Dejá vu--you're sitting in a room, talking with people, and your brain (ever alert) is analyzing the situation. "I'm happy right now, a little confident, I'm seeing a large crowd of people from slightly above, on an escalator" and as it processes all the key elements of your situation, it suddenly says "Whoa! This must have happened before, because all these key elements match something else! I felt like this, I was seeing this, I was moving like this...I've been here before!" In reality, you haven't been there. You've been somewhere when you felt similar, and saw similar things. There are differences in the situation, but these differences happen to lie in areas that your brain doesn't use to store or retrieve situations.

Have you ever turned on the radio and been listening to a song, thought you knew what song it was, and then it suddenly turned out to be a different song? Same thing, in my opinion--your brain was analyzing the song into its key elements, found a song which matched, and said "I've found it! I know what song this is!" And then suddenly a woman starts singing, and your brain says "Whoops! This isn't that song. Apparently there are several songs I know which all sound similar in that middle bit, but now that I have an additional key, this woman's voice, I see that it's a different song."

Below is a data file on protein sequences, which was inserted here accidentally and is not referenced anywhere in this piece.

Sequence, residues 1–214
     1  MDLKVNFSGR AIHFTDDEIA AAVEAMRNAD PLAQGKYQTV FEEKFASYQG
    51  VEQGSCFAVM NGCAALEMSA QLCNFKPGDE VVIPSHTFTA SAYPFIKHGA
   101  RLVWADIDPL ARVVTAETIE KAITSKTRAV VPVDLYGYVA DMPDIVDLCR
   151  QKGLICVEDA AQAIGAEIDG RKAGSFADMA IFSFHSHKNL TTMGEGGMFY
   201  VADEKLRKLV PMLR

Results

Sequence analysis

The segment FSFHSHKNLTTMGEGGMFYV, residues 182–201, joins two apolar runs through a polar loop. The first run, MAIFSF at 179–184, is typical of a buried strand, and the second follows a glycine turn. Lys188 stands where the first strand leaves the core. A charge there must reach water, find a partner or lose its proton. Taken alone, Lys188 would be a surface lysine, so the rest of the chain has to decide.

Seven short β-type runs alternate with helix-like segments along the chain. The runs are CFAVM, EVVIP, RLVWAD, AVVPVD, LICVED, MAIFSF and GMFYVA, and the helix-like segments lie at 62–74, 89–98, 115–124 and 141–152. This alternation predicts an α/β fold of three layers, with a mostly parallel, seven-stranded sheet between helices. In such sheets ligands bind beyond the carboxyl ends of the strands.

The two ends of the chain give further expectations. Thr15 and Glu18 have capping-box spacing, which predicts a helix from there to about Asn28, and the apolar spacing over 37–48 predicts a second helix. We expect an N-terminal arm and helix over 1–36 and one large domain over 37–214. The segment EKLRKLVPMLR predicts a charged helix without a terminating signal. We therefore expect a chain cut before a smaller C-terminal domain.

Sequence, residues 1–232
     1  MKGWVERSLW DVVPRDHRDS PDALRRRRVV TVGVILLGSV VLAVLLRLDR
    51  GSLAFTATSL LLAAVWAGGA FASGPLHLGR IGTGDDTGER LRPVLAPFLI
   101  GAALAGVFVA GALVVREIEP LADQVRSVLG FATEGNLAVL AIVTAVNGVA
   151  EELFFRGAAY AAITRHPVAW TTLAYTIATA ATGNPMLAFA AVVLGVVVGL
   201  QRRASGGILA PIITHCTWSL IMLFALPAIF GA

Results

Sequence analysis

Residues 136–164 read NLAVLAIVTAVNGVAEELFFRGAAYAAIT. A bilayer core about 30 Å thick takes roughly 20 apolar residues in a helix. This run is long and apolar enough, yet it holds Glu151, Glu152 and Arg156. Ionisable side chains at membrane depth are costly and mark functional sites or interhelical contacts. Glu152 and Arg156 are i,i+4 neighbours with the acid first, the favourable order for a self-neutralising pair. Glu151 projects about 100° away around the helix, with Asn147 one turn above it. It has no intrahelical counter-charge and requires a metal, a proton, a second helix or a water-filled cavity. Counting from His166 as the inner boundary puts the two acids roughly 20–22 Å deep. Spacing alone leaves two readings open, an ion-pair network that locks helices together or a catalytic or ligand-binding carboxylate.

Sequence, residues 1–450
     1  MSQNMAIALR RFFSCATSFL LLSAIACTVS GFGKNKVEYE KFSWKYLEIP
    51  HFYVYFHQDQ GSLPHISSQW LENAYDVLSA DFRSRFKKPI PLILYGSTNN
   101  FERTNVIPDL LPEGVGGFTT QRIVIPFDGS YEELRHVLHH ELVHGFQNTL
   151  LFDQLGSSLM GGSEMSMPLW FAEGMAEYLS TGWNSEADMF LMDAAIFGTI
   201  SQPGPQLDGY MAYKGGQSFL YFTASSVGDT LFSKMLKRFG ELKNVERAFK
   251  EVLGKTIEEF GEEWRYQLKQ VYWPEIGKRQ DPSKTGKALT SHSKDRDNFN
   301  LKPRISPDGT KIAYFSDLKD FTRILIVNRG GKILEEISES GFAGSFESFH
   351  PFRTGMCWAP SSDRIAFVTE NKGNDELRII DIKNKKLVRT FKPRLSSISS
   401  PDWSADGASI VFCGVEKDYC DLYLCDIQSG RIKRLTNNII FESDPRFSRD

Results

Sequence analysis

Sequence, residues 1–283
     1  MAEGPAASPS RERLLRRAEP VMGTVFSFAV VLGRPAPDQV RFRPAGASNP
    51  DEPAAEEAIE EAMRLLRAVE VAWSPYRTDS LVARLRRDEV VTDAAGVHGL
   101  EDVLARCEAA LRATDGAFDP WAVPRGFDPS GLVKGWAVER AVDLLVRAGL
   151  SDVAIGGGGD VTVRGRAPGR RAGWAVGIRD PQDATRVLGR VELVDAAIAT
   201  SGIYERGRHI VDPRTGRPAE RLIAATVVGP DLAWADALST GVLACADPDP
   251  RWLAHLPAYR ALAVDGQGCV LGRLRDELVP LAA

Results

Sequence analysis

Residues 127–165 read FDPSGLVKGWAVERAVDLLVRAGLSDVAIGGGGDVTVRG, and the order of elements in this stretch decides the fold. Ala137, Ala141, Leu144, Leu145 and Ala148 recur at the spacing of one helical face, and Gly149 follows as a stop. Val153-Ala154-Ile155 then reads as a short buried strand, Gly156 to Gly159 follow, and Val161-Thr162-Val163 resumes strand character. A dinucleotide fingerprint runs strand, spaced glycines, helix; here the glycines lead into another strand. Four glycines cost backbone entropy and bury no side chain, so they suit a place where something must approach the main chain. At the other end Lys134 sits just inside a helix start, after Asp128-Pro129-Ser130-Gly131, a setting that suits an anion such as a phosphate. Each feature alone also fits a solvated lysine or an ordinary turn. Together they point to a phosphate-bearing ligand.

When you, the crafty valet servant, use your hash function and go searching for a key, and you find several on the nail, you say "Hrm...better look at all of these and see which is right." Your brain, on the other hand, is so used to having tons of space, is so used to always having only one memory per nail, that when it finds a memory on a nail it says "Found It!" Because your brain has found that it's easier and better to assume that it found the right memory and very, very rarely be wrong than it is to double-check itself every time it remembers something. In fact, I believe that evolution long ago decided that the usually-right, sometimes wrong technique is much better, and so your brain doesn't even have the ability to "double-check" itself, except insofar as your rational mind can catch it being wrong when it says "You've been here before" and you say "Nope…never been in this mall before in my life. Wow...dejá vu!"